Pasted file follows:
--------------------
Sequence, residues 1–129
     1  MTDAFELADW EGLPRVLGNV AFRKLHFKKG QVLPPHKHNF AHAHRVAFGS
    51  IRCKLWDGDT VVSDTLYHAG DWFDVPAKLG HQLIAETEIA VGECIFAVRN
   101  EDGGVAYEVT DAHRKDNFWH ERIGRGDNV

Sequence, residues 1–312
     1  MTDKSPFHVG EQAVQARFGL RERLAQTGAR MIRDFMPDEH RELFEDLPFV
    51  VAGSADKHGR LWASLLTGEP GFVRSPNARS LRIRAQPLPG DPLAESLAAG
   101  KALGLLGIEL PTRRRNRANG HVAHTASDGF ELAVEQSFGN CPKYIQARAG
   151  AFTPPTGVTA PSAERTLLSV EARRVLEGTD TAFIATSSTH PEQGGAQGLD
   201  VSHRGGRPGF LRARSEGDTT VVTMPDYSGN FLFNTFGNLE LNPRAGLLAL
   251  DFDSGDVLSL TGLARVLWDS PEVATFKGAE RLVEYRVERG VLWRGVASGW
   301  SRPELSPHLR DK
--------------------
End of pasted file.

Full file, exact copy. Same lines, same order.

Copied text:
Sequence, residues 1–129
     1  MTDAFELADW EGLPRVLGNV AFRKLHFKKG QVLPPHKHNF AHAHRVAFGS
    51  IRCKLWDGDT VVSDTLYHAG DWFDVPAKLG HQLIAETEIA VGECIFAVRN
   101  EDGGVAYEVT DAHRKDNFWH ERIGRGDNV

Sequence, residues 1–312
     1  MTDKSPFHVG EQAVQARFGL RERLAQTGAR MIRDFMPDEH RELFEDLPFV
    51  VAGSADKHGR LWASLLTGEP GFVRSPNARS LRIRAQPLPG DPLAESLAAG
   101  KALGLLGIEL PTRRRNRANG HVAHTASDGF ELAVEQSFGN CPKYIQARAG
   151  AFTPPTGVTA PSAERTLLSV EARRVLEGTD TAFIATSSTH PEQGGAQGLD
   201  VSHRGGRPGF LRARSEGDTT VVTMPDYSGN FLFNTFGNLE LNPRAGLLAL
   251  DFDSGDVLSL TGLARVLWDS PEVATFKGAE RLVEYRVERG VLWRGVASGW
   301  SRPELSPHLR DK